American Foundation for The Blind

97


American Foundation for The Blind
American Foundation for The Blind is listed in the Social Service Organizations category in Atlanta, Georgia. Displayed below are the social networks for American Foundation for The Blind which include a Facebook page, a Pinterest page, a Twitter account and a YouTube channel. The activity and popularity of American Foundation for The Blind on these social networks gives it a ZapScore of 97.

Contact information for American Foundation for The Blind is:
100 Peachtree St NW
Atlanta, GA 30303
(404) 525-2303
Do you own or manage this business? Click here to claim the American Foundation for The Blind listing and add social networks, logos, descriptions and more.

American Foundation for The Blind Contact Information:

Social Posts for American Foundation for The Blind


Looking for accessible reading apps? Check out this list on VisionAware: ow.ly/EXsE309Uh8P


Here is a list of smart questions to ask at your next job #interview as someone who is #blind or visually impaired ow.ly/OiD530a5upA


"Blind" Dating: Looking for Love in the Digital Age As Someone Who Is Visually Impaired ow.ly/e9Ge30a5u11


AFB's digital Helen Keller Archive is a model for other archives to provide complete online #accessibility. ow.ly/V8FJ30a9MuT


DYK the "Braille Tales Book Program" @APHfortheBlind offers free #braille books to participating families? ow.ly/xhCy30aeDhm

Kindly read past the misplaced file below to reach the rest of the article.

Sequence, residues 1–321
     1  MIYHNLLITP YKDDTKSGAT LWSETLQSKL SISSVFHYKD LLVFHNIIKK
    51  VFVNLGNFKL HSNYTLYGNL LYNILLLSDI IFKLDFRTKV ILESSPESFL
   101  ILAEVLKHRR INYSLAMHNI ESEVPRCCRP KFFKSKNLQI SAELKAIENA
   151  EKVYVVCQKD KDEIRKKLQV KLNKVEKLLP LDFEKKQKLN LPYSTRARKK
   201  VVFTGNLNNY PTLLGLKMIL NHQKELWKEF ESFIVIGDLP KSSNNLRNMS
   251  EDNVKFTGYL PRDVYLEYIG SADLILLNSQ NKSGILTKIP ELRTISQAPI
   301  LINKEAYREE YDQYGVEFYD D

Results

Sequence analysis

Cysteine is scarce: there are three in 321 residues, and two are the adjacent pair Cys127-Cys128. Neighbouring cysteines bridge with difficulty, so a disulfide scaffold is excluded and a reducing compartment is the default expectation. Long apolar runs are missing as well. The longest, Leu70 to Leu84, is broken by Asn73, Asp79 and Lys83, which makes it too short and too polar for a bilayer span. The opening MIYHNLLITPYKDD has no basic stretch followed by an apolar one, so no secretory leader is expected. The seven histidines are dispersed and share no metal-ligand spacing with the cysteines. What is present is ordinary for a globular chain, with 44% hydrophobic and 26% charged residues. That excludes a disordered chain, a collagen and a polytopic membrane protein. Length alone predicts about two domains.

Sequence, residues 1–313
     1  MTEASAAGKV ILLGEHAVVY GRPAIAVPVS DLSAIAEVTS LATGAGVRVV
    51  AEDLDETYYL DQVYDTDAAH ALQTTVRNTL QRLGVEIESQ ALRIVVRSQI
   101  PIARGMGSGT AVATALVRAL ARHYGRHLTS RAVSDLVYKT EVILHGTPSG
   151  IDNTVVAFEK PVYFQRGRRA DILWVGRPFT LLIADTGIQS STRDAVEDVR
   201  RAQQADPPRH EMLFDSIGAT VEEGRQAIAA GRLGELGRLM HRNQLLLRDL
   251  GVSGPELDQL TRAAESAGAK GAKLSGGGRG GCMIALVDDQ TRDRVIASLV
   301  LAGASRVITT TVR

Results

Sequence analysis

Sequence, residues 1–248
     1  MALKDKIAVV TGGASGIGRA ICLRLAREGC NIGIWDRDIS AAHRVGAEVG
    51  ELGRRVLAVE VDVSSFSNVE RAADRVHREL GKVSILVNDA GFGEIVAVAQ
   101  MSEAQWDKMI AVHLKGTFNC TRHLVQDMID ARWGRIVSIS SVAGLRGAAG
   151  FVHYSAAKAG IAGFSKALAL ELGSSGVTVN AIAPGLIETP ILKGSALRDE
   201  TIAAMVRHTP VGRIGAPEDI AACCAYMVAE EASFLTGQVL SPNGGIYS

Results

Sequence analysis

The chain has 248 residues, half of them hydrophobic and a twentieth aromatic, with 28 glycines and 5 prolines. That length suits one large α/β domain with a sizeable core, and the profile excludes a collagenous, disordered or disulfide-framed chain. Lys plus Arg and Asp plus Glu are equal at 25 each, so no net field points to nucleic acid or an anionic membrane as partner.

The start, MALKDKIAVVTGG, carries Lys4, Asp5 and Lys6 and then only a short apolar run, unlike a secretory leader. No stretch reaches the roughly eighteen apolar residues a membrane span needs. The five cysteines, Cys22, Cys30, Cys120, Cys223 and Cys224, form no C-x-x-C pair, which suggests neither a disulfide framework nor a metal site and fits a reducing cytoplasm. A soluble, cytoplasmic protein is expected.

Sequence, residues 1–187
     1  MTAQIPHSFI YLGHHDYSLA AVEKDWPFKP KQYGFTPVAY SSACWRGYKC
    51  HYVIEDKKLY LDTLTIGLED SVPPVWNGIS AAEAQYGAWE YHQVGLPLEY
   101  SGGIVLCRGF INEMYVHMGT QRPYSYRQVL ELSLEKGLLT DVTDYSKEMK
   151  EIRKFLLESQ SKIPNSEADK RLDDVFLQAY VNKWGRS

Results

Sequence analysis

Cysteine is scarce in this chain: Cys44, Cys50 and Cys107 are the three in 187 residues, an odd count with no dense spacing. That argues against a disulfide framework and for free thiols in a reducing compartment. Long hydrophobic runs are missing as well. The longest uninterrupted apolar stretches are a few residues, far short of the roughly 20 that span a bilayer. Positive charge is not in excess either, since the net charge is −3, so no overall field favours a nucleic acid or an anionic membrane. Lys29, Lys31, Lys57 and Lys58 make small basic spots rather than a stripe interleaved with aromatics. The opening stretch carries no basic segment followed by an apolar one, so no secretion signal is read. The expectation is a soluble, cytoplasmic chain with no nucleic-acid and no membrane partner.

Another Historic Unanimous Supreme Court Special Ed Victory!!! Read the full story on AFB: ow.ly/DIkm30aajdv We are very pleased to report another rare unanimous decision by the U.S. Supreme Court with historic, and positive, implications for students with disabilities' receipt of a truly free and appropriate public education. As special education advocates, TVIs, and parents know all too well, the IDEA does not, and has never, stood for the proposition that special education and related services are supposed to ensure equal access and equal benefit for students with and without disabilities. However, over the course of time, particularly given the Supreme Court's ruling in the landmark Rowley case from years ago, many schools have argued, and courts have agreed, that all that is in fact required is that the student receive merely some appreciable benefit. Well now the Supreme Court has spoken again, and while the Court is not endorsing what a lot of advocates would have liked to have seen but were never likely to have gotten, namely some kind of equal benefit standard, the Court, in a unanimous opinion authored by Chief Justice Roberts issued just this morning, has made it crystal clear that being able to show merely some benefit from the services provided doesn't cut it. To meet their substantive obligations under IDEA, states, districts and schools must offer an IEP reasonably calculated to enable a child to make progress appropriate in light of the child's circumstances. (Image: Craft beads spelling out Individualized Education Plan (IEP). A plan used by public schools to support children with special needs and disabilities.)